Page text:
We have a war record of whose relative blamelessness we may be proud. But this country needs to have was eliminated. In 1917 we were drawn into a war not of our own making, nor seeking, and henceforth we are inevitable linked with the destiny of Europe for peace or war. America needs the lives lost in war. In twenty years America will need the boys who dies in France. There will be no one to take their places. The old world for generations will be sapped of energy and intellect and moral fiber and, oh, how she needs moral fiber, because of war. Because I believe in the Declaration, because I uphold the Constitution, because I care more for this country than for anything except my family, I am compelled to fight this atrocity which threatens gradully to engulf America with all the world.

There will be those who will say this is a dream. Woman suffrage was a dream. Freeing the slaves was a dream. The law against murder was once a dream. Let us make no mistake. The world cannot totter back into sanity unless she fixes her eyes upon some healing vision. We shall have to dream this dream, and make it true, if humanity is not perish.

How will this come to pass? It will come about just as the declaration against murder came to pass. Men grew so glutted with their killings that they turned in their tracks and admitted that it was wrong to take human life. Men and nations will finally admit that mass murder is just as wrong as individual murder; in their individual hearts they admit that now. The only question is whether in our day and generation we shall set the seal upon that recognition by making war illegal and disreputable.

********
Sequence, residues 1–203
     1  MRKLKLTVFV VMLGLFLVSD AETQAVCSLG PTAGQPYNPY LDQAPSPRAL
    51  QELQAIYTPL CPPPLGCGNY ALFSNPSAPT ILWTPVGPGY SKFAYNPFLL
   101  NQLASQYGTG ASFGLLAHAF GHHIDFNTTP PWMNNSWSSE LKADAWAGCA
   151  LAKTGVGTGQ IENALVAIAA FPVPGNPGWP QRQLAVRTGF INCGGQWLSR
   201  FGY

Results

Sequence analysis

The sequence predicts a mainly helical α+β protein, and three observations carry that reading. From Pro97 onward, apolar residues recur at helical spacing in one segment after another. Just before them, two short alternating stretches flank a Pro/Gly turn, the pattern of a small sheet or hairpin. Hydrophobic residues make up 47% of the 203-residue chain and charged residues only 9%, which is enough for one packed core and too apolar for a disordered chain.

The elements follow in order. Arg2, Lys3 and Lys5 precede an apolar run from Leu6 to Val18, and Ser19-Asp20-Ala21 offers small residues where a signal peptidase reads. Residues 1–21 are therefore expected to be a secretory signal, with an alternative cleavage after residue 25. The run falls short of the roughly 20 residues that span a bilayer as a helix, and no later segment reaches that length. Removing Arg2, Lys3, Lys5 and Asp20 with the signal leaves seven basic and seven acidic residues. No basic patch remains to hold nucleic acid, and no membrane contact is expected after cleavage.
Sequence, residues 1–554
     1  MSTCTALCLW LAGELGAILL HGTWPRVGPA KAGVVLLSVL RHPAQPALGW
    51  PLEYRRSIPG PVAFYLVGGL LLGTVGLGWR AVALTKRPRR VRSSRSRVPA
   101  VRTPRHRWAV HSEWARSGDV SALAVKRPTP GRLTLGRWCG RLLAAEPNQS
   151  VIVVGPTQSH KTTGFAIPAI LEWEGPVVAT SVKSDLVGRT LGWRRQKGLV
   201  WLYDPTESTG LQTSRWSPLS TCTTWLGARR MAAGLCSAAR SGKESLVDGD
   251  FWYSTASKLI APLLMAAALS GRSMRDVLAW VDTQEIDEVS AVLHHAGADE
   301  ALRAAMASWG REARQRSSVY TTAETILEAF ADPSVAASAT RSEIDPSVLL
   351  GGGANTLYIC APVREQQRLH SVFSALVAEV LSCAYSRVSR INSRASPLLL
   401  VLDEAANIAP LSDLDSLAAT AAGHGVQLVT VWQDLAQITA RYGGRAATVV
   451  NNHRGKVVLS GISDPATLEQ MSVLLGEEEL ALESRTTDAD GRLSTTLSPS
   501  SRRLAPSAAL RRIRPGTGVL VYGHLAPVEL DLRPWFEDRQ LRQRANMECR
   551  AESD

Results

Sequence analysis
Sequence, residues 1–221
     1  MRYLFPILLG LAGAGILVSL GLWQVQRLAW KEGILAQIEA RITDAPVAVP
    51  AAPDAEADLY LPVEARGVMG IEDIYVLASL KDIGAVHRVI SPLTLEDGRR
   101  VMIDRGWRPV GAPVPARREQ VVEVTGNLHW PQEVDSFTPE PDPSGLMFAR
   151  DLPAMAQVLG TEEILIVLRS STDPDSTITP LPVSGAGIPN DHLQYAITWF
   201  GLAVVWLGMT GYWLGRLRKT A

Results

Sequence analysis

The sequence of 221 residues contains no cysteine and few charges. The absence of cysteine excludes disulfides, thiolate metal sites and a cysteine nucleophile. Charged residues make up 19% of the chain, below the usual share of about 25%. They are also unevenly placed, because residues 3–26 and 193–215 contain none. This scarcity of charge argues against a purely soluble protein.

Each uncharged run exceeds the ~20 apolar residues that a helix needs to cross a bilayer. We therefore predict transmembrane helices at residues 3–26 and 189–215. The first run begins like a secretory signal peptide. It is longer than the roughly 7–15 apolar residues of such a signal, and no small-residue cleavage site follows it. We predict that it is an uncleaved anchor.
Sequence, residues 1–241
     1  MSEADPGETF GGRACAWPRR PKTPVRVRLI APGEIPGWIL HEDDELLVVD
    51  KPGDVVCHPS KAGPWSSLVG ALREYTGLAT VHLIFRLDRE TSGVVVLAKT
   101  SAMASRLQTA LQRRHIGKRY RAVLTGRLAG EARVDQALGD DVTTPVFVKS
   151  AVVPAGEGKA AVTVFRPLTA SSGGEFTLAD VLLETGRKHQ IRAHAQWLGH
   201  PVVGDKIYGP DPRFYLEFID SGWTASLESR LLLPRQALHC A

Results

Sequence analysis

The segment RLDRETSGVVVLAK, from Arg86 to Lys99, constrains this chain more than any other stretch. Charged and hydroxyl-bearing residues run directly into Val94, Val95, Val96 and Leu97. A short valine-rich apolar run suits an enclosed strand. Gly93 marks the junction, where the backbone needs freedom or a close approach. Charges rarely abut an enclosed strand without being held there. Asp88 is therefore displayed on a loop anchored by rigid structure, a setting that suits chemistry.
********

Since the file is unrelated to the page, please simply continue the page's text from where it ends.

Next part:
Neither is it necessary to abolish the causes of war before we take this step. We did not abolish jealousy, hatred, greed, nor the other human emotions which give rise to killing, before we made murder a crime. Neither do we need to abolish tariffs, customs, restrictions of the seas before we make mass murder a crime.

You and I thought that when we had won the vote our work was over. And that grieved us. We have longed for the old days, – the struggle, the comradeship, the thrill of working for freedom for the women of all ages. Ah, my friends, there are greater days ahead, unless our task falls from nerveless fingers, and our eyes fail to see the light. I do not ask you to give up one cause which is upon your heart – the status of women – work for children – political progress; all of them are worthy of service. But what hope can there be for women, for democracy, for children, for mankind in a world poisoned, its finest strength running out like water, in war which will become increasingly more hideous? The biggest task that ever faced humanity is ours. Shall it fall from our hands?